SPONSORED FEATURES
Independent Dating
and  

By clicking 'Search' you
are agreeing to our
Terms of Use.

iJobs Job Widget
iJobs Money & Business

Recruitment Genius: DBA Developer - SQL Server

£30000 - £35000 per annum: Recruitment Genius: This is an exciting opportunity...

Recruitment Genius: Customer Service Administrator

£13000 - £15000 per annum: Recruitment Genius: Are you passionate about custom...

Recruitment Genius: Dialler Administrator

£22000 - £25000 per annum: Recruitment Genius: Main purpose: Under the directi...

Ashdown Group: Contracts Manager - City of London

£35000 - £37000 per annum + benefits : Ashdown Group: Contracts Manager - City...

Day In a Page

Turkey-Kurdish conflict: Obama's deal with Ankara is a betrayal of Syrian Kurds and may not even weaken Isis

US betrayal of old ally brings limited reward

Since the accord, the Turks have only waged war on Kurds while no US bomber has used Incirlik airbase, says Patrick Cockburn
VIPs gather for opening of second Suez Canal - but doubts linger over security

'A gift from Egypt to the rest of the world'

VIPs gather for opening of second Suez Canal - but is it really needed?
Jeremy Corbyn dresses abysmally. That's a great thing because it's genuine

Jeremy Corbyn dresses abysmally. That's a great thing because it's genuine

Fashion editor, Alexander Fury, applauds a man who clearly has more important things on his mind
The male menopause and intimations of mortality

Aches, pains and an inkling of mortality

So the male menopause is real, they say, but what would the Victorians, 'old' at 30, think of that, asks DJ Taylor
Man Booker Prize 2015: Anna Smaill - How can I possibly be on the list with these writers I have idolised?

'How can I possibly be on the list with these writers I have idolised?'

Man Booker Prize nominee Anna Smaill on the rise of Kiwi lit
Bettany Hughes interview: The historian on how Socrates would have solved Greece's problems

Bettany Hughes interview

The historian on how Socrates would have solved Greece's problems
Art of the state: Pyongyang propaganda posters to be exhibited in China

Art of the state

Pyongyang propaganda posters to be exhibited in China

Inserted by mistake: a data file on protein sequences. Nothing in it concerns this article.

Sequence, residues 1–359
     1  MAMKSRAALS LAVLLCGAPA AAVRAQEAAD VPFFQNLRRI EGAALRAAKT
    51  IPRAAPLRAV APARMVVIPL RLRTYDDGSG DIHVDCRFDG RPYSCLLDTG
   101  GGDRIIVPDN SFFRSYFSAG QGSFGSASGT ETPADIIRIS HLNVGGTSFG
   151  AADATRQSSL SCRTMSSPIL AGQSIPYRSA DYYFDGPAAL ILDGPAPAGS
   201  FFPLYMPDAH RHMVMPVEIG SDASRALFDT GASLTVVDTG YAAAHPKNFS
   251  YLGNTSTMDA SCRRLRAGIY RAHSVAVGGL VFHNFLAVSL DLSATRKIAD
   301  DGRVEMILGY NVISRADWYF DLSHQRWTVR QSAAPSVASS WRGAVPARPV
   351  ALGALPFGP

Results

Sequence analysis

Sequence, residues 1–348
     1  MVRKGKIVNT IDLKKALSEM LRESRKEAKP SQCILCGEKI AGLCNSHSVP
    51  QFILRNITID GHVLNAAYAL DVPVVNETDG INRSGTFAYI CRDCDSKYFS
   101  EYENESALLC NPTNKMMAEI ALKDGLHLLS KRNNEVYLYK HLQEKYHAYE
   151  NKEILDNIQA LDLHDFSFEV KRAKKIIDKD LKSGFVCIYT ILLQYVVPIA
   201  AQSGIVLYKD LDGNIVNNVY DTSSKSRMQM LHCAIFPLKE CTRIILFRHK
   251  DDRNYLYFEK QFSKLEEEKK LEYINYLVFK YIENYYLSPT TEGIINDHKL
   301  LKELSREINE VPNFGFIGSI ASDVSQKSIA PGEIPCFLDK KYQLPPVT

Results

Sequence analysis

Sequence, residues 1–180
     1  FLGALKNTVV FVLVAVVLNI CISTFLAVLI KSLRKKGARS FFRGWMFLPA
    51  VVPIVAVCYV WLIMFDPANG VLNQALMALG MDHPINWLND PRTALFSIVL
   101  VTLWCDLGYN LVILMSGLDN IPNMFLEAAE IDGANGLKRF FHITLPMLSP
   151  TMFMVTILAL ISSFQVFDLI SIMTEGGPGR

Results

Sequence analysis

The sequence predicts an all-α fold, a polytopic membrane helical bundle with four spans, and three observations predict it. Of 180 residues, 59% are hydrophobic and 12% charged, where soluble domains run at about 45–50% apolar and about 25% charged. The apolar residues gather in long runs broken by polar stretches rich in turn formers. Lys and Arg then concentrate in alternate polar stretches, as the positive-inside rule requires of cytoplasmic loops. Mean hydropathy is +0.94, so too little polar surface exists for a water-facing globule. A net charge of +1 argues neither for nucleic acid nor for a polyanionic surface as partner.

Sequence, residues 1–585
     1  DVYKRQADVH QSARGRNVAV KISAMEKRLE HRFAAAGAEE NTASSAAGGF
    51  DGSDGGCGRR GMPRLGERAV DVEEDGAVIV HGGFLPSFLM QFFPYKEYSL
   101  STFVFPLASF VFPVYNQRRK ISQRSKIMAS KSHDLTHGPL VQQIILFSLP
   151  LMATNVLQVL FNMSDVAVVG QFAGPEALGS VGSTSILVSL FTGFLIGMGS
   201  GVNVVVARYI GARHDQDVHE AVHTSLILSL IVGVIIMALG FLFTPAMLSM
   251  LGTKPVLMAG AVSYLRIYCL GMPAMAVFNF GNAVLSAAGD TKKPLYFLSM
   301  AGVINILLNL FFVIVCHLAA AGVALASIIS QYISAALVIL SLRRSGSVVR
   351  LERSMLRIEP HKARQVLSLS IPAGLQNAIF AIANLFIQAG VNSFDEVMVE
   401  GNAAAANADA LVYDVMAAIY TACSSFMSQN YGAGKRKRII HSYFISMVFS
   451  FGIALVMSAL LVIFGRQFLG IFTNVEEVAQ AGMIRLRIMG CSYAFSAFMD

Mildreds and Vanilla Black have given vegetarian food a makeover in new cookbooks

Vegetarian food gets a makeover

Long-time vegetarian Holly Williams tries to recreate some of the inventive recipes in Mildreds and Vanilla Black's new cookbooks
The haunting of Shirley Jackson: Was the gothic author's life really as bleak as her fiction?

The haunting of Shirley Jackson

Was the gothic author's life really as bleak as her fiction?
Bill Granger recipes: Heading off on holiday? Try out our chef's seaside-inspired dishes...

Bill Granger's seaside-inspired recipes

These dishes are so easy to make, our chef is almost embarrassed to call them recipes
Ashes 2015: Tourists are limp, leaderless and distinctly UnAustralian

Tourists are limp, leaderless and distinctly UnAustralian

A woefully out-of-form Michael Clarke embodies his team's fragile Ashes campaign, says Michael Calvin
Blairites be warned, this could be the moment Labour turns into Syriza

Andrew Grice: Inside Westminster

Blairites be warned, this could be the moment Labour turns into Syriza
HMS Victory: The mystery of Britain's worst naval disaster is finally solved - 271 years later

The mystery of Britain's worst naval disaster is finally solved - 271 years later

Exclusive: David Keys reveals the research that finally explains why HMS Victory went down with the loss of 1,100 lives
Survivors of the Nagasaki atomic bomb attack: Japan must not abandon its post-war pacifism

'I saw people so injured you couldn't tell if they were dead or alive'

Nagasaki survivors on why Japan must not abandon its post-war pacifism
Jon Stewart: The voice of Democrats who felt Obama had failed to deliver on his 'Yes We Can' slogan, and the voter he tried hardest to keep onside

The voter Obama tried hardest to keep onside

Outgoing The Daily Show host, Jon Stewart, became the voice of Democrats who felt the President had failed to deliver on his ‘Yes We Can’ slogan. Tim Walker charts the ups and downs of their 10-year relationship on screen